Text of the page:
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Late payments are a scourge on small businesses, siphoning away vital cash flow that you need to keep your company afloat.
We’ve offered a lot of advice on how you can get your customers to pay you, but normally there’s also something you can be doing to streamline your own accounts receivable process.
The first step in that streamlining process is to figure out exactly how inefficient your accounts receivable process is, and the best way of doing that is to use the accounts receivable days formula.
To help you get the best from your accounts receivable, we’ll be breaking down the accounts receivable day formula and how to use it.
At its simplest, accounts receivable days is a mathematical formula that lets you work out how long your accounts receivable takes to clear.
The easiest way to think of it is the number of days the average invoice will remain outstanding before payment is made.
Completing your accounts receivable days formula gives you insight into how good your business, or your accounts receivables team, is at collecting payment on outstanding invoices.
Knowing this information is vital to find ways to streamline and improve your accounts receivable process as part of your best practice.
The ‘best’ accounts receivable days ratio will depend entirely on your business, your customers, and your payment terms. It also depends on the goods or services you supply.
In short, you’ll have to figure that one out for yourself.
Having a very long account receivable days ratio can indicate that you’re very lenient with late-paying customers, or it could just be standard for your industry.
On the other hand, having a very short accounts receivable days ratio could be an indication of a great working relationship with your customers, or that you have a stringent approach to your credit policy that is potentially cutting off new business.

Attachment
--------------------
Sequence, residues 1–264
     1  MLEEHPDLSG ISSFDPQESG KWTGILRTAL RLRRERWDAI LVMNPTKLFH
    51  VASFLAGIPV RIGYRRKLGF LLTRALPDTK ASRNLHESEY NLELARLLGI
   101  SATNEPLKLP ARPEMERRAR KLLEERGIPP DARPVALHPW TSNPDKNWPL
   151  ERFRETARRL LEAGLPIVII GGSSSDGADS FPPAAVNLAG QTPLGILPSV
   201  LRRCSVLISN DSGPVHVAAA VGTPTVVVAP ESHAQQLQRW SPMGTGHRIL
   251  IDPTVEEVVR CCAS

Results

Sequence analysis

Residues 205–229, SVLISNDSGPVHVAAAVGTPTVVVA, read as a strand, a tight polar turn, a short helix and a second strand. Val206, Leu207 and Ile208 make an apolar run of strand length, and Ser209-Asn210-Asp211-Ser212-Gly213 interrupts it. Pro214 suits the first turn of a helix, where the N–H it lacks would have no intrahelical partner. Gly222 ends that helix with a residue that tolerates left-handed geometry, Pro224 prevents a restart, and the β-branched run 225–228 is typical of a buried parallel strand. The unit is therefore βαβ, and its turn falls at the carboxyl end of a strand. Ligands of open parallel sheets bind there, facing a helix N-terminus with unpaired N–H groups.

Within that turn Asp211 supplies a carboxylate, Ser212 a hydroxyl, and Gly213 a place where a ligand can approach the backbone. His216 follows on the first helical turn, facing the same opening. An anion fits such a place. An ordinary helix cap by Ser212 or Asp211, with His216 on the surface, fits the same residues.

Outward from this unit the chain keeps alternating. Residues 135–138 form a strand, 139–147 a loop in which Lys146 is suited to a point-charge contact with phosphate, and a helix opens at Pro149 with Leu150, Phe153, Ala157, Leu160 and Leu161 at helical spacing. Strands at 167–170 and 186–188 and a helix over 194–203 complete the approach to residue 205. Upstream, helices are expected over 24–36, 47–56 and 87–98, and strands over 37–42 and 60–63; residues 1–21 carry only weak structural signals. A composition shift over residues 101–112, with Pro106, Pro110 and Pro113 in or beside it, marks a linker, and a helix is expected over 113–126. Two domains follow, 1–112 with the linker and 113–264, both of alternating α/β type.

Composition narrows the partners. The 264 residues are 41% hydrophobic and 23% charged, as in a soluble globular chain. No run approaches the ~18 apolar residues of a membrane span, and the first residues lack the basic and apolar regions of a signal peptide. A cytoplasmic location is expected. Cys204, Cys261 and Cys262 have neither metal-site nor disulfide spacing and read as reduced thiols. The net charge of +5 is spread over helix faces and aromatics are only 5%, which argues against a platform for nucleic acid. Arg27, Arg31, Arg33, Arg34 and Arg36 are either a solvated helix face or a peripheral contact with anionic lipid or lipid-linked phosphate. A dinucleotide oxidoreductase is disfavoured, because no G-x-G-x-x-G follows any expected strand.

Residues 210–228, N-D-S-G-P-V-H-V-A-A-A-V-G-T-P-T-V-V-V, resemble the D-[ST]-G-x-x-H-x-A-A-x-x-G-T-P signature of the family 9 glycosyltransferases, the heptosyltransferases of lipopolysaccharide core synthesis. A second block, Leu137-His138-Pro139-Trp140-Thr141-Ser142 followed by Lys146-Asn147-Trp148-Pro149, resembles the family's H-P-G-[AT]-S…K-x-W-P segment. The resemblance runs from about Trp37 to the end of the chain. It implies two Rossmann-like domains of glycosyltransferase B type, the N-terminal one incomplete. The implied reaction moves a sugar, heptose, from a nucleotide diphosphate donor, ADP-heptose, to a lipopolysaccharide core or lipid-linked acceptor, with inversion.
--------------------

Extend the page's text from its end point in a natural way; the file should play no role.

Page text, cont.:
As a general rule, you’ll want to aim for around 25% longer than the payment date on your stated payment terms.
The good news is that the formula for working out your accounts receivable days is relatively simple:
To give you an example of how it works, if your company has £25,000 in outstanding invoices and total revenue of £75000 then the formula would look like this:
Accounts Receivable Days = (25000 / 75000) x 365 = 161.6
From that, we can see that it takes just under 162 days to collect each invoice. If the company in question is using the standard 30-day payment terms, it’s time for a full accounts receivable overhaul.
This is obviously an exaggerated example, but it serves to show how the formula works.
Your account receivable days is a watermark for how efficient your accounts receivable process is.
Having a ratio that is way past your standard payment terms is an indicator that you need to reassess how you approach your business's credit control.
Not keeping track of the efficiency of your accounts receivable can lead to unpaid invoices building up and cutting off your vital cash flow.
It should, however, not be looked at in a vacuum. You need to combine it with other metrics, such as your accounts receivable turnover ratio and your accounts receivable ageing reports to fully understand your accounts receivable health.
As an award-winning leader in the cloud-based credit control space, we’ve already helped thousands of customer just like you use a variety of ways to cut down on their accounts receivable days outstanding, including:
With Chaser’s outsourced credit control service, you can have a professional credit control specialist working for you, without all the hassle and expenditure of recruiting and training new staff.
Chaser has helped thousands of businesses just like you get paid 80 per cent of their outstanding invoices and we can help you too.
Take a look at our credit control and debt collection policy template for businesses to get started and book a demo with us to see how Chaser could benefit your business.